The tech-heavy Nasdaq 100 tumbled about 3 percent amid a rout in giants like Tesla and Apple.
Stocks slid after data showed that US inflation will remain high for quite some time, adding to concern the Federal Reserve may be forced to unleash further tightening measures that could tip the economy into a recession.
Remarks from Fed Bank of Atlanta President Raphael Bostic didn’t help sentiment either as the official said he’s open to “moving more” on rates if inflation persists at elevated levels. The S&P 500 erased gains and dropped to its lowest since March 2021, while the tech-heavy Nasdaq 100 tumbled about 3% amid a rout in giants like Tesla Inc. and Apple Inc. Small caps sank after a rally that approached 2% earlier in the day. The Treasury curve flattened, with the gap between two- and 10-year yields narrowing nine basis points.
Investors seem to agree that a 75 basis-point hike isn’t likely, according to pricing in federal-fund futures markets. But they did increase bets that the Fed will roll out another half-point hike in September — following increases of that size in June and July. The US central bank hiked interest rates by a half-point last week and Fed Chair Jerome Powell signaled that similar rate increases are on the table for the next two meetings, while pushing back against making a larger move.
While annual measures of consumer prices cooled slightly from March — signaling a peak that economists expected — the details of a report Wednesday painted a more troubling picture as monthly figures advanced more than forecast. Services costs accelerated while inflation for most goods remained stubbornly high, underscoring the persistence and breadth of price pressures.
The rout in stocks isn’t over just yet, according to Morgan Stanley strategists, who see scope for equities to correct further amid mounting concerns of slowing growth. Strategist Michael Wilson, who has long been a skeptic of the decadelong bull run in US stocks, said in a note that even after five weeks of declines, the S&P 500 is still mispriced for the current environment of the Fed tightening policy into slowing growth.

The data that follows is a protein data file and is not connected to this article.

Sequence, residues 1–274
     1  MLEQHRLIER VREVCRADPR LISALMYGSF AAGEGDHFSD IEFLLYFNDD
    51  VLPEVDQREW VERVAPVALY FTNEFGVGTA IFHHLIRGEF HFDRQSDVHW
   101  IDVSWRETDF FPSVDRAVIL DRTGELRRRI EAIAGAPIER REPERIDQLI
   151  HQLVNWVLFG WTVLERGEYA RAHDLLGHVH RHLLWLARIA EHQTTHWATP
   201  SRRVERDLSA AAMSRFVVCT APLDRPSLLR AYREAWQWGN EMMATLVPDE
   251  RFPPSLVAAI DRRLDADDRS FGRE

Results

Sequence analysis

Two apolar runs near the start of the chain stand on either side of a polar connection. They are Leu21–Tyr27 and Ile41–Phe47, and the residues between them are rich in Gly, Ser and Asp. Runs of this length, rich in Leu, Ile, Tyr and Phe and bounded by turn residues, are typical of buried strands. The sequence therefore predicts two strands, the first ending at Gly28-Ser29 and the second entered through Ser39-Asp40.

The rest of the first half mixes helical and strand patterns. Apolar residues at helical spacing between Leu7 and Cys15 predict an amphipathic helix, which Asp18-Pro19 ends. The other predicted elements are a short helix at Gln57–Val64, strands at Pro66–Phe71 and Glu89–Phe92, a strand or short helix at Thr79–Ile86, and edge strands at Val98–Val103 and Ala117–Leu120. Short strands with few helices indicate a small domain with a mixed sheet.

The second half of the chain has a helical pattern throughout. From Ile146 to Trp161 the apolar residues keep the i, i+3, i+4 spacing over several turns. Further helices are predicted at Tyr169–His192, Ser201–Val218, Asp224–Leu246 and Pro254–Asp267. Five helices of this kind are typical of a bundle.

“We continue to believe that the US equity market is not priced for this slowdown in growth from current levels,” Wilson said in a note. “We expect equity volatility to remain elevated over the next 12 months.” He recommends defensive positioning with an overweight in health-care, utilities and real-estate shares.
The S&P 500 may be at risk of further downside toward 3,600 points — down 10% from the Tuesday close — before reaching a historically important technical support level. The 200-week moving average since 1986 has seen the US benchmark bounce back during all major bear markets, except for the tech bubble and the global financial crisis.
Here are key events to watch this week:
- San Francisco Fed President Mary Daly speaks, Thursday
- US PPI, initial jobless claims, Thursday
- University of Michigan consumer sentiment, Friday
Some of the main moves in markets:
- The S&P 500 fell 1.6% as of 4 p.m. New York time
- The Nasdaq 100 fell 3.1%
- The Dow Jones Industrial Average fell 1%
- The MSCI World index fell 0.9%
- The Bloomberg Dollar Spot Index was little changed
- The euro fell 0.1% to $1.0516
- The British pound fell 0.6% to $1.2243
- The Japanese yen rose 0.4% to 129.95 per dollar
- The yield on 10-year Treasuries declined eight basis points to 2.91%
- Germany’s 10-year yield declined one basis point to 0.99%
- Britain’s 10-year yield declined two basis points to 1.83%
- West Texas Intermediate crude rose 5.4% to $105.13 a barrel
- Gold futures rose 0.6% to $1,852.50 an ounce
–With assistance from Sunil Jagtiani, Andreea Papuc, John Viljoen, Srinivasan Sivabalan, Peyton Forte, Michael Msika and Cecile Gutscher.